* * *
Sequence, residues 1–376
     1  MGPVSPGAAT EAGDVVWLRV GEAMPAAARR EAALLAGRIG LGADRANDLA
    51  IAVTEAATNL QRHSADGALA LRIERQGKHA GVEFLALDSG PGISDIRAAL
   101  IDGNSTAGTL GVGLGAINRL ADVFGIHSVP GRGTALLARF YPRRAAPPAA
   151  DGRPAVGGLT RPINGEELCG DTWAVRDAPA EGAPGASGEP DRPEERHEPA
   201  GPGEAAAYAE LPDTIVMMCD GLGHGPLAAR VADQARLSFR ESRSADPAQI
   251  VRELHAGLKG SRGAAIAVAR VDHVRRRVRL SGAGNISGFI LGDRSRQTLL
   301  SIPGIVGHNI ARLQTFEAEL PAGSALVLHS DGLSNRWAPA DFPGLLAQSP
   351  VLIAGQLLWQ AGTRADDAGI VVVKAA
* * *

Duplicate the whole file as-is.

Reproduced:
Sequence, residues 1–376
     1  MGPVSPGAAT EAGDVVWLRV GEAMPAAARR EAALLAGRIG LGADRANDLA
    51  IAVTEAATNL QRHSADGALA LRIERQGKHA GVEFLALDSG PGISDIRAAL
   101  IDGNSTAGTL GVGLGAINRL ADVFGIHSVP GRGTALLARF YPRRAAPPAA
   151  DGRPAVGGLT RPINGEELCG DTWAVRDAPA EGAPGASGEP DRPEERHEPA
   201  GPGEAAAYAE LPDTIVMMCD GLGHGPLAAR VADQARLSFR ESRSADPAQI
   251  VRELHAGLKG SRGAAIAVAR VDHVRRRVRL SGAGNISGFI LGDRSRQTLL
   301  SIPGIVGHNI ARLQTFEAEL PAGSALVLHS DGLSNRWAPA DFPGLLAQSP
   351  VLIAGQLLWQ AGTRADDAGI VVVKAA